As the coronavirus pandemic continues, many employers have been forced to reduce their workforce, oftentimes paying some form of severance to their employees. One area that continues to cause confusion among employers is whether their severance policy is an employee benefit plan subject to ERISA. Generally, informal arrangements that feature one-time payments in response to ad hoc situations and that do not have an ongoing administrative scheme will not be subject to ERISA. However, it is not always clear when such arrangements become “employee benefit plans” that are subject to ERISA. It is generally not to the employer’s advantage to have its severance strategy characterized as an informal arrangement not subject to ERISA. For example, the beneficiary of such an arrangement would be able to sue in state court for benefits, which could expose the employer to larger damage awards than are available under ERISA. Employers should ask their counsel… Continue Reading
Prospective Mid-Year Election Changes IRS Notice 2020-29 allows employers to amend cafeteria plans to permit employees to make the following prospective mid-year election changes (including an initial election) for employer-sponsored health coverage, health flexible spending accounts (“FSAs”), and dependent care FSAs during calendar year 2020, regardless of whether the basis for the election change satisfies the “change in status” rules under Treas. Reg. §1.125-4: Make a new election for employer-sponsored health coverage, if the employee initially declined to elect employer-sponsored health coverage; Revoke an existing election for employer-sponsored health coverage and make a new election to enroll in different health coverage sponsored by the same employer (including changing enrollment from self-only coverage to family coverage); Revoke an existing election for employer-sponsored health coverage, provided that the employee attests in writing that the employee is enrolled, or immediately will enroll, in other health coverage not sponsored by the employer; Revoke an… Continue Reading
On April 29, 2020, the U.S. Departments of Labor and the Treasury (together, the “Departments”) issued a notice (the “Notice”) requiring that all group health plans, disability and other types of employee welfare benefit plans, and employee pension benefit plans, subject to ERISA and the Internal Revenue Code, must disregard the period from March 1, 2020 until 60 days after the announced end of the COVID-19 National Emergency or such other date as announced by the Departments in a future notice (the “Outbreak Period”) for the following periods and dates: The 30-day period (or 60-day period, if applicable) to request HIPAA special enrollment; The 60-day election period for COBRA continuation coverage; The date for making COBRA premium payments; The date for individuals to notify the plan of a COBRA qualifying event or determination of disability; The date within which individuals may file a benefit claim under the plan’s claims procedures;… Continue Reading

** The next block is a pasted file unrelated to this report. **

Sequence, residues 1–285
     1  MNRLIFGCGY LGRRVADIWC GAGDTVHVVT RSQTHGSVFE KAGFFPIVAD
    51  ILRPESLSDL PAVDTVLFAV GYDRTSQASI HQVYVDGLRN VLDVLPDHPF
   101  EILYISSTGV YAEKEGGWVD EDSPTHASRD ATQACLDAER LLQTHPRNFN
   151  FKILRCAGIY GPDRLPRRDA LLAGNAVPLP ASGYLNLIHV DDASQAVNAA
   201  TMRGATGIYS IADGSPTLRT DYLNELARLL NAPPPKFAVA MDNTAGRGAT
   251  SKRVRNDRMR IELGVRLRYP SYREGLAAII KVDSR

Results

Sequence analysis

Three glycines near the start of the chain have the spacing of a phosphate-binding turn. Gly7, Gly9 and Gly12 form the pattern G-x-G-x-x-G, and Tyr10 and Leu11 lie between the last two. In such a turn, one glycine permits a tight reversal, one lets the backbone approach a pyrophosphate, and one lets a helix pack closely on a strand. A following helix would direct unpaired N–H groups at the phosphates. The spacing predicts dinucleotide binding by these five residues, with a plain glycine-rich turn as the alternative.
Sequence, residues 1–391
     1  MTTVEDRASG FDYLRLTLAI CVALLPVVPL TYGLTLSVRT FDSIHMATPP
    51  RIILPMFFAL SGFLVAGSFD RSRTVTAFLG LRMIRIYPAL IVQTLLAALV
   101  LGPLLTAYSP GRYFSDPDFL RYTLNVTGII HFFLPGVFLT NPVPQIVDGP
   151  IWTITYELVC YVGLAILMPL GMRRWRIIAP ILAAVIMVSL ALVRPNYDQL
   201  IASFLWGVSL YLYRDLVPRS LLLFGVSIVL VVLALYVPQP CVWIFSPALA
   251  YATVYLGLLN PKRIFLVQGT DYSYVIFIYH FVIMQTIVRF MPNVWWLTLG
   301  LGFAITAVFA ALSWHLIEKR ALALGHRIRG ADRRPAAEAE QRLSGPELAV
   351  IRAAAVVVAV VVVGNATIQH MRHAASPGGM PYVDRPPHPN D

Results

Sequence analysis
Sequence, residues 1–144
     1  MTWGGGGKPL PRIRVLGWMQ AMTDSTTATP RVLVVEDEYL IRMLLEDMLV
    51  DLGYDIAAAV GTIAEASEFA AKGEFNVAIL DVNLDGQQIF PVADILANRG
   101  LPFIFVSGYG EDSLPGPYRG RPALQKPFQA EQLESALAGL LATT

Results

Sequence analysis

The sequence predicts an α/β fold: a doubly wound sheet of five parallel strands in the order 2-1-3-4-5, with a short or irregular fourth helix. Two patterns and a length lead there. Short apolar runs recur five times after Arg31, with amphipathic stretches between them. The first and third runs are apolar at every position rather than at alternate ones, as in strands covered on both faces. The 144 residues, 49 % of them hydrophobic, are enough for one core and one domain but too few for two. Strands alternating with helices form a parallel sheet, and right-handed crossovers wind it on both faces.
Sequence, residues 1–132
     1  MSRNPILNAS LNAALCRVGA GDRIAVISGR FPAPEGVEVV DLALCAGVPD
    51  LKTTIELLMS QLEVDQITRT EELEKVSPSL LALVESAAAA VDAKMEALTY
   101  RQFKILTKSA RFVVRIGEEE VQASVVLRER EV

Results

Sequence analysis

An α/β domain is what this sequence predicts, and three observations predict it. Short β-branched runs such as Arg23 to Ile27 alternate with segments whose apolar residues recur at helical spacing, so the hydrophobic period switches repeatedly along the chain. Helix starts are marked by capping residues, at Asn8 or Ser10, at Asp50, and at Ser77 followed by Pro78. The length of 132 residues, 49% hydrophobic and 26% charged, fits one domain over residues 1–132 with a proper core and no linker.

The DOL and the IRS Jointly Provide Relief from Certain Timeframes Applicable to Health and Welfare and Pension Plans
On April 28, 2020, the IRS and DOL issued a Final Rule extending certain timeframes under ERISA and the Internal Revenue Code for group health, disability and other welfare plans, pension plans, and the participants and beneficiaries under those plans. The timeframe extensions include, among other things, the time to elect COBRA and pay premiums, special enrollment timeframes under HIPPA and CHIPs, claims procedure timeframes, and certain external review process timeframes. Applicable plans must disregard the period from March 1, 2020 until 60 days after the announced end of the COVID-19 National Emergency for all plan participants, beneficiaries, qualified beneficiaries, or claimants wherever located in determining the enumerated time periods and dates and for providing COBRA election notices. In addition, Disaster Relief Notice 2020-01 was issued addressing the timeframe relief and addressing certain other COVID-19 relief. The Final Rule is available here: https://www.dol.gov/sites/dolgov/files/ebsa/temporary-postings/covid-19-final-rule.pdf. Disaster Relief Notice 2020-01 is available here: https://www.dol.gov/agencies/ebsa/employers-and-advisers/plan-administration-and-compliance/disaster-relief/ebsa-disaster-relief-notice-2020-01.
Businesses that received a loan under the Paycheck Protection Program (“PPP”) are eligible for forgiveness of that loan if, among other things, the loan proceeds are used to cover “payroll costs” incurred over the eight-week period after the loan is made. Payroll costs, capped at $100,000 on an annualized basis for each employee (i.e., $15,384 over the eight-week period), are broadly defined to include, among other things: Salary, wages, commissions, or tips; Employee benefits costs, such as for vacation or paid family or medical leave (other than wages for which a credit is received under the Families First Coronavirus Response Act), group health care costs, retirement plan contributions, and severance benefits; and State and local taxes assessed on employee compensation. As of the date of this posting, no guidance has been issued by the IRS or the Department of Treasury to further clarify what specific items qualify as payroll costs.… Continue Reading